If anything, Light Perpetual is even bolder than Golden Hill while in no way resembling it. It is a new departure – a brilliant, attention-grabbing, capacious experiment with fiction ... The novel opens with a poised, detailed and audacious description of the bomb itself exploding. There is a sprightly life to the writing that is in contrast to the appalling devastation it describes ... His elegant structure allows time to pass rapidly, imaginatively leaping 15 years at a stretch, leading us, engrossingly, through history ... the evocation of period is skilful, the smell of London buses spot-on ... Spufford is an artful non-dodger. He gravitates towards describing, with vivid exactitude, what other novelists might be relieved to duck ... Spufford is so comprehensively convincing that you keep unreasonably suspecting him of having experienced everything he describes. Extraordinary and ordinary things happen. Happiness, in his hands, writes multicoloured. But the poignancy throughout is in being reminded that, in his characters’ lives and in ours, even inconsequential moments matter ... What makes the novel original is that we orientate ourselves in it in a new way. The usual suspension of disbelief is replaced by a back-to-front sadness in being compelled to keep remembering that not a single moment – exceptional or mundane – in this literary soap opera happened. The imagined afterlife was stalled before it started ... Spufford is a lay representative of the diocese of Ely and has, as a writer, a Christian heart without ever being off-puttingly pious. Light Perpetual is an exercise in gratitude, enhancing the sense that it is a fluke that we’re here at all. It is a meditation on death, too, with an entertaining warmth that does not cancel out its melancholy. It may be less uplifting than Golden Hill but its serious purpose dignifies it. Fiction depends on “what ifs” and in Light Perpetual, fiction is a form of mercy.
... resonant ... Out of contemplative pauses in front of that plaque, Mr. Spufford has created an extraordinary novel in terms of its variety of character, symphonic language and spiritual reach ... This plot structure can sound formulaic, plodding even. And, certainly, the pitfalls of sentimentality are many in a story that imagines 'what might have been' for five dead children...But Mr. Spufford is no Whittier, and his characters, as they move decade-by-decade through their imagined lives, are no mere static types ... Even to tick off these characters and their stories in this fashion renders them reductive in a way that Mr. Spufford never does. He’s such a beautiful writer, casually stunning in his language and perceptions ... Along with incisively and often wittily describing the imagined progression—and setbacks—of his characters’ lives, Mr. Spufford also conjures up an impressionistic history of six decades of London life ... It’s all so engrossing. And, then, inevitably, a shattering awareness intrudes: these lives are even more heartbreakingly imagined than is typical in works of fiction. Again and again, a reader is drawn into their mundane particularity and, again and again, one remembers the explosion that cut those five futures short in 1944. In resurrecting lives that never were, Light Perpetual is a miracle, not only of art but of encompassing empathy—it becomes not only about the terribly brief lives of these five fictional children, but of the finitude that bounds all the living and the dead.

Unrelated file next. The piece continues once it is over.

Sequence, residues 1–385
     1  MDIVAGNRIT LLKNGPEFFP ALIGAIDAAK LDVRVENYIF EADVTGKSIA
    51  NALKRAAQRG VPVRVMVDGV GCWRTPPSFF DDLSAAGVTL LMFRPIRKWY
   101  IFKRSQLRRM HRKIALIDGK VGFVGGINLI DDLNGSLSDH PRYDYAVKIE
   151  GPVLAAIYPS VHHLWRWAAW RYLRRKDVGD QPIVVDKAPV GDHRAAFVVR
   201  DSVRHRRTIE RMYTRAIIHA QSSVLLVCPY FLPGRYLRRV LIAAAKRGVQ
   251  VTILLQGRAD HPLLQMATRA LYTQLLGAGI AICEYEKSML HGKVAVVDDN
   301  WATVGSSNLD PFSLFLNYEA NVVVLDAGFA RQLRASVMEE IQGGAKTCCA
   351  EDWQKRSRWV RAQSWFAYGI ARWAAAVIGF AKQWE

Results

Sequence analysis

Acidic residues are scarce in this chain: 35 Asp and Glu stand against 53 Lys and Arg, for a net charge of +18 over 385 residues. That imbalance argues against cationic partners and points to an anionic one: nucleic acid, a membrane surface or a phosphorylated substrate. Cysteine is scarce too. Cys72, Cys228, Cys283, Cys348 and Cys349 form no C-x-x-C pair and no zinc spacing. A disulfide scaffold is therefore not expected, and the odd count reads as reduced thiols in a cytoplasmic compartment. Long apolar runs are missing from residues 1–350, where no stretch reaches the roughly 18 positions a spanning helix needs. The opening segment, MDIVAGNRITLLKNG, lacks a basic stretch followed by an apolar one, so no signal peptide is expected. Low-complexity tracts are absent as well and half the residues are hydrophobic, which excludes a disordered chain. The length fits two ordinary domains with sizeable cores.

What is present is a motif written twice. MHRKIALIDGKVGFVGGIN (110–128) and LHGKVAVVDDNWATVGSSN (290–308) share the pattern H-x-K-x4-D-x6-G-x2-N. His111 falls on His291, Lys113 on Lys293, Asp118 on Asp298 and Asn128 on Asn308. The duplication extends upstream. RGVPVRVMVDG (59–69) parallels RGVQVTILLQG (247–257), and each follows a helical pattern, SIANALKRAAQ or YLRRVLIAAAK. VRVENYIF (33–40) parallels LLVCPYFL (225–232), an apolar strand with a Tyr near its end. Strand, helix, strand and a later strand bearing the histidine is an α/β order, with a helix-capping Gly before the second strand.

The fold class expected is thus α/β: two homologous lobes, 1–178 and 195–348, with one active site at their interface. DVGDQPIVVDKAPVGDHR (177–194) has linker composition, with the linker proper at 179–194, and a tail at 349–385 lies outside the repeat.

... a resonant novel about what 'might have been' for five young casualties of war, as well as a God's-eye meditation on mutability and loss ... This plot structure can sound formulaic, plodding even. And, certainly, the pitfalls of sentimentality are many in a story that imagines the lives that five invented dead children might have led. But Spufford avoids those pitfalls and as he moves his children through their imagined lives they become so much more than mere reverent icons ... Even to tick off these characters and their stories in this fashion renders them reductive in a way that Spufford never does. He's such a beautiful writer, casually stunning in his language and perceptions ... Along with incisively describing the progression — and setbacks — of his fictional children's lives, Spufford conjures up an impressionistic history of six decades of London life ... Again and again, Spufford draws us readers into the mundane particularity of his maturing characters' lives and, again and again, we readers are jolted by the awareness that those five futures were cut short in 1944. In resurrecting lives that never were, Light Perpetual is a miracle, not only of art, but of encompassing empathy. The novel becomes not only about the terribly brief lives of these five fictional children, but of the finitude that bounds all the living and the dead.